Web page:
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Battle Over Broadband: What’s Next for Net Neutrality

WASHINGTON — Robert McDowell, a Republican former FCC commissioner, on Friday tweeted out a comment: “Testing. Testing. Just wanted to make sure that the was still working this morning. Phew!”

McDowell supports the FCC’s rollback this week of many of their current net neutrality rules, and the sarcastic tweet was a comment on the dire rhetoric that has surrounded the debate.

But activists, public interest groups and Democratic lawmakers are not only mounting challenges in Congress and the courts, but also hope that the issue resonates into the 2018 midterm election.

While FCC Chairman Ajit Pai and other fellow Republicans on the commission say that the fears of what will happen without the rules are way overblown, their vote does mean that ISPs are no longer explicitly barred from blocking or throttling content, or from selling fast lanes of traffic to websites and content companies that want speedier access to the consumer.

Internet providers will still have to disclose when they handle traffic that way, but the FCC’s authority over broadband has been dramatically scaled back. Enforcement largely will fall to the Federal Trade Commission.

Here’s what’s ahead in the coming months:

Lawsuits. In the immediate aftermath of the FCC’s vote, New York’s attorney general Eric Schneiderman said he would lead a multi-state lawsuit to stop the repeal. He has said that the agency’s process for rolling back the rules was “corrupted” because his own study found millions of public comments on the record were coming from stolen identities and fake accounts.

The rules are likely to be challenged on multiple fronts. The Internet Association, which represents major internet sites like Google, Facebook and Amazon, is considering its legal options, and a number of public interest groups also are weighing litigation. A likely argument is that the FCC ignored proper administrative procedure in reversing itself just over two years after imposing the rules, when Democrats controlled the agency.

The FCC’s action still has to be entered into the Federal Register, something that could take a month or more, so lawsuits may not be filed until then.

Pai responded to the lawsuit threats by quoting from “Casablanca,” saying that he was “shocked, shocked” that the decision would be challenged in court.

In Hollywood, the Writers Guild of America, the Directors Guild of America and Independent Film and Television Alliance are among the creative community organizations expressing dismay over the FCC’s actions. The DGA said that it was a “blow to the creative community and threatens the ability of our members, and other creators, to make their works available to internet users without interference.” Whether they would join a lawsuit remains to be seen.

The MPAA has remained silent on the issue. Among its members is NBCUniversal, which is owned by Comcast, while other members have privately expressed concerns about losing net neutrality protections.

Legislation. Senate Minority Leader Chuck Schumer (D-N.Y.) said on Friday that he would try to force a vote on net neutrality using a legislative maneuver in which Congress can reverse an agency decision via the Congressional Review Act. It’s a long shot, but Democrats want lawmakers on record on the issue, especially as they head into the 2018 midterms.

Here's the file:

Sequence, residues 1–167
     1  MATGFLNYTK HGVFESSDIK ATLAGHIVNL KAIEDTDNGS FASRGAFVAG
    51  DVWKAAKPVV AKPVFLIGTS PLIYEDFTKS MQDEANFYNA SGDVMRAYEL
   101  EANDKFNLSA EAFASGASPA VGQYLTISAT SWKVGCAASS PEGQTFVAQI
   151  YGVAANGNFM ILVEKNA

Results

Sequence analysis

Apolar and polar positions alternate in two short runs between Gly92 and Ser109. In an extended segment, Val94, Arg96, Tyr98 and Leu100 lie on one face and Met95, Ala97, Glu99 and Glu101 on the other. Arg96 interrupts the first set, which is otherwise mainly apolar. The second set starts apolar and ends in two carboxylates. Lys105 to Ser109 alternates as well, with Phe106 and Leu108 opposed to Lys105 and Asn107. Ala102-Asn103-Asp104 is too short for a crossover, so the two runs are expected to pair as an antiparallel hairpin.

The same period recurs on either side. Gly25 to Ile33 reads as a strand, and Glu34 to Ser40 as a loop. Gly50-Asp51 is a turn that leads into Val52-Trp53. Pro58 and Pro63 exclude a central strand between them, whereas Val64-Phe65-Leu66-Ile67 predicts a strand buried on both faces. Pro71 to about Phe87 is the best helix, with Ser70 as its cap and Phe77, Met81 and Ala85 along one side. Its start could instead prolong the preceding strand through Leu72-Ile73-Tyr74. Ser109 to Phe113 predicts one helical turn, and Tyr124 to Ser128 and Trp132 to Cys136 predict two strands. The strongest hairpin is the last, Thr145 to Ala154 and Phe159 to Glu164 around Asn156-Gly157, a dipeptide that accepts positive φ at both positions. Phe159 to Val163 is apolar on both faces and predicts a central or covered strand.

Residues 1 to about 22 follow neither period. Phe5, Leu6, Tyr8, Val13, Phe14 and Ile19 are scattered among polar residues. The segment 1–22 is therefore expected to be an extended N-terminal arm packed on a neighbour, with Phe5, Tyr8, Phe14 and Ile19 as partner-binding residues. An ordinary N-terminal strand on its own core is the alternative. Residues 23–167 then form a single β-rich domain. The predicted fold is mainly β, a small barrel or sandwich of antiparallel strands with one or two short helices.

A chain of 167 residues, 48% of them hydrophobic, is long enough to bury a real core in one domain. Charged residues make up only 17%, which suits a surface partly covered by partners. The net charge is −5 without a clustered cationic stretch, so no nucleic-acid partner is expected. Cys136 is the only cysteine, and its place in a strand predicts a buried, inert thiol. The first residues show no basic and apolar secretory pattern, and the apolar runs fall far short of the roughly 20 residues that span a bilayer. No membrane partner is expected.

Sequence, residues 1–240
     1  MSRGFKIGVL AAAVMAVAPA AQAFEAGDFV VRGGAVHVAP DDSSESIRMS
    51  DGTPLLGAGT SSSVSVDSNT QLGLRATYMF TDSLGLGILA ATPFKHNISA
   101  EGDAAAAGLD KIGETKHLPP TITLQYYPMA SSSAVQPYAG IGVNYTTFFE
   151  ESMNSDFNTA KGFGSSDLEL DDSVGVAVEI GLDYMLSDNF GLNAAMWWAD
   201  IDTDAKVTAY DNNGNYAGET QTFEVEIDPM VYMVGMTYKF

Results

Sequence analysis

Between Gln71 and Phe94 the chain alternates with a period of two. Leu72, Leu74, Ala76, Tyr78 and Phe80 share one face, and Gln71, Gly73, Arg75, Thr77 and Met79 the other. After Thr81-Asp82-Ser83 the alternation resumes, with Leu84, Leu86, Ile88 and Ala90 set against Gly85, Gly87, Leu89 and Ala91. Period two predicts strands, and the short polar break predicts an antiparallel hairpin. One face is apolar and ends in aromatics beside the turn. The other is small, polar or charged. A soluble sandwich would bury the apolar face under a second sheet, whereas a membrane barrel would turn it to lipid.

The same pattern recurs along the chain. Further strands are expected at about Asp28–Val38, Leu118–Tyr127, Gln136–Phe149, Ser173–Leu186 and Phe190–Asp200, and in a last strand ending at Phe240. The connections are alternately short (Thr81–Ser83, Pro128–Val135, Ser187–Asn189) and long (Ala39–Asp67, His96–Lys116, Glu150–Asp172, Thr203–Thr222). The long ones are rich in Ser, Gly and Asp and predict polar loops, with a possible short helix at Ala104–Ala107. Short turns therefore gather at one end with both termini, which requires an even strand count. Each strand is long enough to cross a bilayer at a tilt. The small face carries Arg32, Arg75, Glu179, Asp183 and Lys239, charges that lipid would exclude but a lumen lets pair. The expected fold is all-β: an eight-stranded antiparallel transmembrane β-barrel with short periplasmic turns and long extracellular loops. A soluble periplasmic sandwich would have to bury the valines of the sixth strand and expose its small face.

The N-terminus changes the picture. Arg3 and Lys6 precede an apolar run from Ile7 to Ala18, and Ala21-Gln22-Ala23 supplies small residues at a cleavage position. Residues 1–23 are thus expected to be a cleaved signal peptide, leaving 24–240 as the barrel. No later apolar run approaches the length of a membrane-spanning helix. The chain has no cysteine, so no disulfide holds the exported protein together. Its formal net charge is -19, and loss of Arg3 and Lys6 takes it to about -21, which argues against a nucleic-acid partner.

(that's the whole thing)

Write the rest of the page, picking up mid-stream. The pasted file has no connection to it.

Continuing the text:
A handful of Republicans, including Sen. Susan Collins (R-Maine) and Rep. Mike Coffman (R-Colo.), publicly asked the FCC to delay or cancel their actions, expressing concerns over the lack of protections. Though activists have been urging calls to Congress, the question is still whether the net neutrality issue will spill over into 2018 midterm campaigns.

Kristen Soltis Anderson, pollster for Echelon Insights and author of “The Selfie Vote,” said that she doesn’t have polling on the issue, but, “I suspect this is an issue that is buried low on the priority chart for the vast majority of voters, but to the extent that it is influencing voter, especially young voter, views on the relationship between this administration and corporate America, it could play a role.”

Meanwhile, some lawmakers in California are talking about legislation to keep the rules in place in that state. The FCC’s action on Thursday also includes a provision in which local and state net neutrality laws would be pre-empted by the federal regulations, meaning that this could all be another avenue for a court showdown.

Consumers. McDowell is right. The internet did not stop functioning on Friday, the day after the FCC’s vote. Major internet providers like AT&T and Comcast have also dismissed the opposition to the FCC’s action as hyperbole, and they say that they will continue their policies of not blocking or throttling content.

Others predicted that ISPs would be reticent to start balkanizing the internet into fast lanes and slow lanes.

In a report on Friday, Moody’s said that “at least in the near term, the cost of negative publicity on their existing businesses far outweighs the benefit of additional revenue streams these companies can generate from paid prioritization agreements. We also believe there is little incentive to alter their customers’ experience, particularly in more competitive markets, and in light of our expectation for growing competition over the long-term stemming from wireless 5G.”

Activists will remain vigilant, and fear that over time, ISPs will have the incentive to exert their power and evolve the internet into something resembling cable TV.

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